|Publication number||US4267606 A|
|Application number||US 06/042,100|
|Publication date||12 May 1981|
|Filing date||24 May 1979|
|Priority date||24 May 1979|
|Publication number||042100, 06042100, US 4267606 A, US 4267606A, US-A-4267606, US4267606 A, US4267606A|
|Inventors||Heino Stelter, Manfred Preiss, Udo Polka|
|Original Assignee||Udo Polka, Manfred Preiss, Heino Stelter|
|Export Citation||BiBTeX, EndNote, RefMan|
|Patent Citations (8), Referenced by (27), Classifications (4)|
|External Links: USPTO, USPTO Assignment, Espacenet|
The invention relates to a wireless, multi-channel remote control unit for toys with a transmitter and a receiver.
Multi-channel radio remote controls employing a high frequency transmitter and a high frequency receiver are relatively expensive, since an individual, tuned circuit is required for each channel, and, furthermore, such controls require governmental approval. Admittedly, radio remote controls have a wide range which, however, is not always required for remote control of toys, especially when such remote control is undertaken only in apartments.
The invention, therefore, is based on providing a wireless, multi-channel control unit for toys which, compared with the high frequency units previously used for toys, is considerably cheaper, smaller and handier.
The transmitter of the remote control unit of the invention is an infrared transmitter having a coding device which correlates a coded serial pulse train to each channel. The infrared receiver correlated with the infrared transmitter has a decoding device to decode the series pulse trains received. One output of the decoding device of the receiver is correlated with at least one part of the channels of the transmitter, at a time. The remote control unit of the invention thus uses an infrared transmitter and an infrared receiver for remote control of toys, whereby control signals are transmitted in the form of coded series pulse trains. Such pulse trains can be generated and decoded, respectively, with customary ICs or integrated circuits, which are very cheap, and it is not difficult for anyone skilled in the art to provide proper circuitry for this purpose.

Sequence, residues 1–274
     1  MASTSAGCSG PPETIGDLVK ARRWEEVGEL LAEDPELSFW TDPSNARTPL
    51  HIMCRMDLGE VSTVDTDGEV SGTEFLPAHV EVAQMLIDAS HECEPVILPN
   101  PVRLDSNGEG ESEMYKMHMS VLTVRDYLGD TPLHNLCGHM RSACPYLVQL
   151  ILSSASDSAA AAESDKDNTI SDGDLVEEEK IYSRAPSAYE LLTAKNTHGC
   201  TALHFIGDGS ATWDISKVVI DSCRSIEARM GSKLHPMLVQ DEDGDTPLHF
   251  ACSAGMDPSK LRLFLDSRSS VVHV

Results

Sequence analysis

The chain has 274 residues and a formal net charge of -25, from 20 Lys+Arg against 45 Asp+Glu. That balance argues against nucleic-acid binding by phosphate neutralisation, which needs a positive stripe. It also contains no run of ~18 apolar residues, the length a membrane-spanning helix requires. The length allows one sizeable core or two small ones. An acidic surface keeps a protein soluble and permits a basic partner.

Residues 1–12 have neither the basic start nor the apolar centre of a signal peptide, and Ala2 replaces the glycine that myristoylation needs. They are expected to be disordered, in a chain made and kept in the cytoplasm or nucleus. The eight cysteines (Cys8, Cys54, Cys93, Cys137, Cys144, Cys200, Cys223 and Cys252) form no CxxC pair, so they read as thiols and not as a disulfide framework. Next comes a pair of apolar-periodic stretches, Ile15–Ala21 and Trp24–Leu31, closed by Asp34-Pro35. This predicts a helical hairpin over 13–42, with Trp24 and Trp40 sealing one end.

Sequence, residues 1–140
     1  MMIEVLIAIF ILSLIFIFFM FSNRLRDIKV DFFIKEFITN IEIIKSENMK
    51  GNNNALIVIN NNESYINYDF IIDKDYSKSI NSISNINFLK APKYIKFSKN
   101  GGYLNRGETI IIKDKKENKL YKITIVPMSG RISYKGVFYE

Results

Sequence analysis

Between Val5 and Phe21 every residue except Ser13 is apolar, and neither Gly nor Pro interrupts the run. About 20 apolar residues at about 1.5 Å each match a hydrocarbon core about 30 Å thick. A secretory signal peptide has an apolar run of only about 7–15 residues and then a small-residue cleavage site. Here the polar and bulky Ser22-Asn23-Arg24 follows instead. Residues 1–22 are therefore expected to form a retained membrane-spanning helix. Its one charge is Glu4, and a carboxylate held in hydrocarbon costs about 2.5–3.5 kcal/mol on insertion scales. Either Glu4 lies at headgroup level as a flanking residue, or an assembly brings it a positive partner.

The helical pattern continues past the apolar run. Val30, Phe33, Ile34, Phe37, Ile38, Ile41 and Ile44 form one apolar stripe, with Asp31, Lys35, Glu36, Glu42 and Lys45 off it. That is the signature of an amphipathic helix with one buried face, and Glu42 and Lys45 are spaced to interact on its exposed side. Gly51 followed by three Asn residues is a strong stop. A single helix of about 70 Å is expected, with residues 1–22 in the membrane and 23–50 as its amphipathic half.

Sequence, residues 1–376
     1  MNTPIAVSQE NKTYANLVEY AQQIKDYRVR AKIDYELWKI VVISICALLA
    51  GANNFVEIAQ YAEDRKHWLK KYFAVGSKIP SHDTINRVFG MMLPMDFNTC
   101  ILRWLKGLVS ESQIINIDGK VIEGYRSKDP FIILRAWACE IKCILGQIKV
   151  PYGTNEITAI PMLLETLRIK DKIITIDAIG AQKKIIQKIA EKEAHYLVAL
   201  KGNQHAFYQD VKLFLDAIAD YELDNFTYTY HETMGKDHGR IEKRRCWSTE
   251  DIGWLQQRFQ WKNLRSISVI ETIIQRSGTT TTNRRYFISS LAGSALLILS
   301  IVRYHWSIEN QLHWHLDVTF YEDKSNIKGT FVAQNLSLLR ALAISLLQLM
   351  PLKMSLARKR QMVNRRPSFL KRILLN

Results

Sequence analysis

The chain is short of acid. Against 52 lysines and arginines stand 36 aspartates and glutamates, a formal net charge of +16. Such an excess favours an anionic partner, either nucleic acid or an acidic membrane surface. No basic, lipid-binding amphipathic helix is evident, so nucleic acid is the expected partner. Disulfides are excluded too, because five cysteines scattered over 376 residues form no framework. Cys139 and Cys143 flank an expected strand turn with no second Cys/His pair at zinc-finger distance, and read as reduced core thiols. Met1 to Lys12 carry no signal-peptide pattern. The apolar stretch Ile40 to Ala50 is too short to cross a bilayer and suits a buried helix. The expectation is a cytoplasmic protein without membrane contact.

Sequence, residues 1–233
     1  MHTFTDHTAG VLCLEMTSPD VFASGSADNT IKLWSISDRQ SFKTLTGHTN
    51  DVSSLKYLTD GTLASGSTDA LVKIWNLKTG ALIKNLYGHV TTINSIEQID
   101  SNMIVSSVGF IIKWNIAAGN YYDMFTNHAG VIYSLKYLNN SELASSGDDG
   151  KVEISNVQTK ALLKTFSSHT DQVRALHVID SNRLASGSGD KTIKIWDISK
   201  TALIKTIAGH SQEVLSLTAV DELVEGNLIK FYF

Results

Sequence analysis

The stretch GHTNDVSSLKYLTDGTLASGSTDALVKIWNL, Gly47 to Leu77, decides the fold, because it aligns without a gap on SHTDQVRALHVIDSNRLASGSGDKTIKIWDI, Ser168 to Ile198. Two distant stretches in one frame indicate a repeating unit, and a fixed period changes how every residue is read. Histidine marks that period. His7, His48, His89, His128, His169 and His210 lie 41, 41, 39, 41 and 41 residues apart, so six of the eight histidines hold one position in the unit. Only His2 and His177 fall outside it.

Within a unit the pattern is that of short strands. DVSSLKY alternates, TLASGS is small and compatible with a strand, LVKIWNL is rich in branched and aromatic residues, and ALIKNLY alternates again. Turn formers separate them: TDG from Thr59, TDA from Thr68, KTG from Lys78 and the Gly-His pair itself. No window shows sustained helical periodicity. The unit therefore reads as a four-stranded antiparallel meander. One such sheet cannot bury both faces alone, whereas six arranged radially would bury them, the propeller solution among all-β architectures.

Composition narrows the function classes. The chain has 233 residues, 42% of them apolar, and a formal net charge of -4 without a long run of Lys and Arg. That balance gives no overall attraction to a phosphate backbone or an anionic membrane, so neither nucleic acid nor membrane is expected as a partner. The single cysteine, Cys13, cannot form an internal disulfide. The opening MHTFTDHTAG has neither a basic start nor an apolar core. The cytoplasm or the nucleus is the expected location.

Infrared remote control units in themselves are known and used for remote control of television sets, for example. Infrared control for toys with very many different functions, however, has so far not been proposed. A cable for transmitting the control commands was used for toys when remote control was to be effected over a short distance of some meters only, in order to keep the remote control system as inexpensive as possible.
The use of an infrared control unit for transmission of control commands, rather than a cable, offers the advantage that a single infrared transmitter may be used to control several toys each of which is fitted with an infrared receiver. From the plurality of channels of the infrared transmitter one part is correlated to a first infrared receiver, another part to a second infrared receiver, and so on. Apart from the higher number of switches for channel selection, the circuit complexity of the infrared transmitter will not be increased when increasing the number of channels if customary ICs are used.
The channels of the infrared transmitter are preferably divided into groups of like numbers and are selectable by switches which interact on the matrix plan. A first number of the switches serves to select the group of channels, and a second number of the switches serves to select a channel from the selected group of channels. This feature, considered to be essential within the scope of the invention, offers the advantage that the number of switches for selection of the channels can be kept low. A decimal keyboard may also be used and also reduces the switches where there are a very large number of channels.
When several infrared receivers are used with only one transmitter, it will then be of advantage to correlate the outputs of the decoding device of one infrared receiver with each group of channels of the infrared transmitter, so that the desired infrared receiver and, accordingly, the toy to be controlled just then, can be selected via the switches of the group of channels, and the individual control commands can then be given via the second number of switches.